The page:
Painted in 1973.
Robert Miller Gallery, New York (acquired from the above in 1990)
Acquired by the present owner from the above in November 1996
New York, Jan Krugier Gallery, Gallery Selections: 20th Century European and American Masters, September - October 1993
Joan Mitchell established her career among the New York Abstract Expressionists with several exhibitions at the Stable Gallery between 1953 and 1965. During this time her work was aggressive and free wheeling. In 1959, Mitchell moved to Paris where Lawrence Rubin helped her gain European exposure and showed her work at his gallery. In Paris, her work clearly shifted to a more subtle and delicate lyrical style. While Mitchell's earlier work was alluring for its violence and feverish energy, the later paintings of the 1970s and 1980s are more literally attractive – they pull in the viewer and seduce us with all-consuming color and shimmering gesture. There is an undeniable harmony and grace to the work, a balance due perhaps to age, experience and a new source of inspiration. The apparent ease and quieter application of paint in Untitled from 1973 is unmatched in her earlier works. The canvas is ethereal and luminous.
In 1968, Mitchell moved from Paris and settled permanently at her summer home in the French countryside town of Vétheuil. Personal struggles and tragedies had great influence on her paintings of the 1960s and her move to Vétheuil brought about a brighter and more ordered nature to her compositions. In the present work, white seems to be the artist's source of light – the thin veils of paint create an airiness. Like early morning mist rising off of the surface of a lake, Mitchell's overlapping brushstrokes and pale hues express the artist's desire to achieve a harmony between nature and the psyche. Mitchell grew up in the Midwest of America and deeply identified with vastness. Her paintings from her time in the country channeled this affinity. The Territory and Field Paintings in particular set the stage for the present work. Jane Livingston describes these works, "They range not only from heavily impastoed textures to the opposite but also from densely organized compositions to 'open' ones, sometimes using whites in ways that are almost impossibly difficult. But it was not only space, or 'territory', that she was concerned with in these works. She was dealing more and more searchingly with light." (Exh. Cat., New York, Whitney Museum of American Art, The Paintings of Joan Mitchell, 2002, p. 35). In the present work, Mitchell remarkably captures the luminosity she so voraciously craved.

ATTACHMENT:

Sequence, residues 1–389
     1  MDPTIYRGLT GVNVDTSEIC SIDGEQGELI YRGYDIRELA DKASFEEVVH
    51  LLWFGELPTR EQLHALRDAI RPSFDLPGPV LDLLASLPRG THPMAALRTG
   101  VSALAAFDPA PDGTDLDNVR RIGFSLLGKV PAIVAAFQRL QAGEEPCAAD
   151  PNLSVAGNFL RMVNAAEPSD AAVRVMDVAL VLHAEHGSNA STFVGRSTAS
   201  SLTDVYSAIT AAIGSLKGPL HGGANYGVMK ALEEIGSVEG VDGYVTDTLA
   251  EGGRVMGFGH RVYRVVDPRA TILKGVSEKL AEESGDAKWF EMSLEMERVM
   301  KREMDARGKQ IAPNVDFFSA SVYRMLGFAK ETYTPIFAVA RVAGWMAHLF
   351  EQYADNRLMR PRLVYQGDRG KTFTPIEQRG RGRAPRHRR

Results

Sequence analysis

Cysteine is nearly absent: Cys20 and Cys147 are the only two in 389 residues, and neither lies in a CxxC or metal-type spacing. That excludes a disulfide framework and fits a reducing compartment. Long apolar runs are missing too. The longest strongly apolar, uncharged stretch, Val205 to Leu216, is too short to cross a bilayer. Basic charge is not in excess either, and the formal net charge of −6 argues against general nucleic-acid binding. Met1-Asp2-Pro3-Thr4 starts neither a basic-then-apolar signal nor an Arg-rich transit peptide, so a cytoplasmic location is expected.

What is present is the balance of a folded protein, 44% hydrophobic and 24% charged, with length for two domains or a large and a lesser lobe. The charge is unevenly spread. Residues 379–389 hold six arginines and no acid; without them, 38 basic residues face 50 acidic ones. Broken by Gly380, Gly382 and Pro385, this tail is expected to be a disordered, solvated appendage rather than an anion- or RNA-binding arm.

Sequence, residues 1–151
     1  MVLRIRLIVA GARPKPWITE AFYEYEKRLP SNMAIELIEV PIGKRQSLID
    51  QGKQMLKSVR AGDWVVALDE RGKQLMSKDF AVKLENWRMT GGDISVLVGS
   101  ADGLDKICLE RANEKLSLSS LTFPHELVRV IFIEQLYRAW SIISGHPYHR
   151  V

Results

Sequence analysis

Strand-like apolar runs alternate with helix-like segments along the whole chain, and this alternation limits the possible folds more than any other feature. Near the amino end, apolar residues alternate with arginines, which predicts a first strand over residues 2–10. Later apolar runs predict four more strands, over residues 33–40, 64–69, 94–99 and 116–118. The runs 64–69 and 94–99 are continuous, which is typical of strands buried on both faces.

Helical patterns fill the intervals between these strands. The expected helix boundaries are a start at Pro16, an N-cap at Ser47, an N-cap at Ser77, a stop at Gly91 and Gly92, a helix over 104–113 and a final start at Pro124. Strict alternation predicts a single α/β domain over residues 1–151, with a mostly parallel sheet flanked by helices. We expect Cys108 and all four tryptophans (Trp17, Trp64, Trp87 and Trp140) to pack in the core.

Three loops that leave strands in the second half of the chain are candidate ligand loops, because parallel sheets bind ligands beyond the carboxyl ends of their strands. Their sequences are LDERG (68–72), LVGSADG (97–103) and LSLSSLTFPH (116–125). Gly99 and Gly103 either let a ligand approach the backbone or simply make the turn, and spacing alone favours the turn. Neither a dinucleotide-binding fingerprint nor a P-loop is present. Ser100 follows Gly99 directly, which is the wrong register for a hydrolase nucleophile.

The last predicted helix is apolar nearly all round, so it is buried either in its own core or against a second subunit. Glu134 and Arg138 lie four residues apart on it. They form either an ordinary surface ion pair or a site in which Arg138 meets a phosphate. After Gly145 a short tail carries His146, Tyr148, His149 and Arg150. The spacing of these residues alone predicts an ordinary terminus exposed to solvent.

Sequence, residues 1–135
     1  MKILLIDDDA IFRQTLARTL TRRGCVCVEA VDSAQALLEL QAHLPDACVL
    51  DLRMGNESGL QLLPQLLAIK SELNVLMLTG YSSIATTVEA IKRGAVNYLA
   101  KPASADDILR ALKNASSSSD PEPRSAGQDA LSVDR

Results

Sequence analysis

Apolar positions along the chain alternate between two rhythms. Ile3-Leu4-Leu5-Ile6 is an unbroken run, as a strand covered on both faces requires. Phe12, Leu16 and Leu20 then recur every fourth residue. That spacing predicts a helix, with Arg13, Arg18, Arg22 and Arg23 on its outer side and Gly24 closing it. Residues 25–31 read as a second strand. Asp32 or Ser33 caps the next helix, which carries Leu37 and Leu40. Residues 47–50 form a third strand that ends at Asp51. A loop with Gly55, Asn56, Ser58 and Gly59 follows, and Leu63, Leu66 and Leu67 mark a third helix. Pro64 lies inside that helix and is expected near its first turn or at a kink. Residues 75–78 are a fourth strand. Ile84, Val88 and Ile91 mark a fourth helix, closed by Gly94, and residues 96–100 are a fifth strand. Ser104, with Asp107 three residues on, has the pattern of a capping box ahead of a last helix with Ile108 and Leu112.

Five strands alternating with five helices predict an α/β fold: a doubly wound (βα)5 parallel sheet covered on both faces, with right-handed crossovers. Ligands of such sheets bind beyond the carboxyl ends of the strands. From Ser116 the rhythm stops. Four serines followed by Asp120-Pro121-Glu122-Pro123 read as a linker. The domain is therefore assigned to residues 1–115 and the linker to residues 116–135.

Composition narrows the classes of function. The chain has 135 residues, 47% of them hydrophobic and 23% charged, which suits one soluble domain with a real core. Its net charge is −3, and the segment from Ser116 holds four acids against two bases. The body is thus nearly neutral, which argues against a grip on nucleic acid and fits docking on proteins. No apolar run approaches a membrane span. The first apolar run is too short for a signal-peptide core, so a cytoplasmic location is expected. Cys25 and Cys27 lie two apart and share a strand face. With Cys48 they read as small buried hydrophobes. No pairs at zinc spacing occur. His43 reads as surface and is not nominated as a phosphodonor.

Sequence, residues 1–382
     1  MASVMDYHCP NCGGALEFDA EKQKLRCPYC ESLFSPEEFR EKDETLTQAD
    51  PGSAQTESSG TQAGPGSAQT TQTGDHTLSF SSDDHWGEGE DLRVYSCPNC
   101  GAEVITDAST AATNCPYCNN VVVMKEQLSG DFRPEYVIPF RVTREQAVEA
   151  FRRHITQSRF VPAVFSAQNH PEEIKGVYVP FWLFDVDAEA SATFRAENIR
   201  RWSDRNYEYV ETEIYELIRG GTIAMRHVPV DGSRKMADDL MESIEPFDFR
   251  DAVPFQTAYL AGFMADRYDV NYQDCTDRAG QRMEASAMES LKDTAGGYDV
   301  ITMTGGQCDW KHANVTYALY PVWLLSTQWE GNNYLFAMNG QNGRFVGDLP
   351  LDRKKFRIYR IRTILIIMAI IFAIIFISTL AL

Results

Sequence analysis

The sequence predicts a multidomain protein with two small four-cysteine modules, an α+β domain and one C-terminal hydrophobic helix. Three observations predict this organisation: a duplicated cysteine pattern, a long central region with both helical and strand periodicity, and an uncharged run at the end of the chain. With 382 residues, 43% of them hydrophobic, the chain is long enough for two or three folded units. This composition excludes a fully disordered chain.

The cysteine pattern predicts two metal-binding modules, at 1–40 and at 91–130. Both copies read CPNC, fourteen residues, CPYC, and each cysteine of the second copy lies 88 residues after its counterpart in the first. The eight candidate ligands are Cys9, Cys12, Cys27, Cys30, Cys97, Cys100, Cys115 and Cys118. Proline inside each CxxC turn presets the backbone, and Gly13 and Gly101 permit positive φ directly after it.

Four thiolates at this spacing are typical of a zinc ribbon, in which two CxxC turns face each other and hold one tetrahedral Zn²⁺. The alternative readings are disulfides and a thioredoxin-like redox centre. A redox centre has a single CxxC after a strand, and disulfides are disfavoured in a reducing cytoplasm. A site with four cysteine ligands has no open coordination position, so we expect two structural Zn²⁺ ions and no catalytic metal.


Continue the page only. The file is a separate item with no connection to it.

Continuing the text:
Mitchell and Monet shared more commonalities than their chosen location of Vétheuil – both artists modified physical and emotional environments by using light as a subject. Monet's subtle changes to the texture of paint achieved a mysterious quality to the overall atmosphere for the viewer. Mitchell's choice of color in the 1960s favored harsher primary colors and blacks, yet by the 1970s she turned to complex colors that were grounded in French modernism – colors such as cornflower blue, lavender and pale pink and green as seen in the present work. The veils of color are reminiscent of Rothko's palette from the 1960s, whose method was also inspired by Claude Monet's seductive atmospheric landscapes. All three artists were concerned with time of day and quality of light and color, and wielded these elements with enormous creativity and skill to create a dream-like sanctuary for the viewer. Untitled is a precursor to Mitchell's monumental series La Grande Vallée of 21 paintings created between 1983 and 1984 where her idyllic vision of the lightness and eternal paradise of youth prevailed. Untitled shares with the Grande Vallée paintings a bilateral symmetrical balance and the importance of the color blue. In the later paintings Mitchell would shift to all-over painting with heavily impastoed varying hues of blue.
Joan Mitchell's paintings continually reveal a sense of excitement and clarity, and a daring exploration of color, form, and reference. Since the beginnings of her career, Mitchell advanced and enhanced the realization of her individual aesthetic vision, and consequently brought to completion a career characterized by invention, risk, continuity, and brilliance. Just as there are poets who work with the pictorial quality of language, stressing the manner in which words evoke sensual realities beyond their defined meanings, there are painters who subject their medium to the vast associations that exist beyond the visual. Joan Mitchell is just such a painter, whose structural approach to composition is lyrical in the extreme with a strict control over positive and negative space, chromatic sensibilities and the treatment of light.
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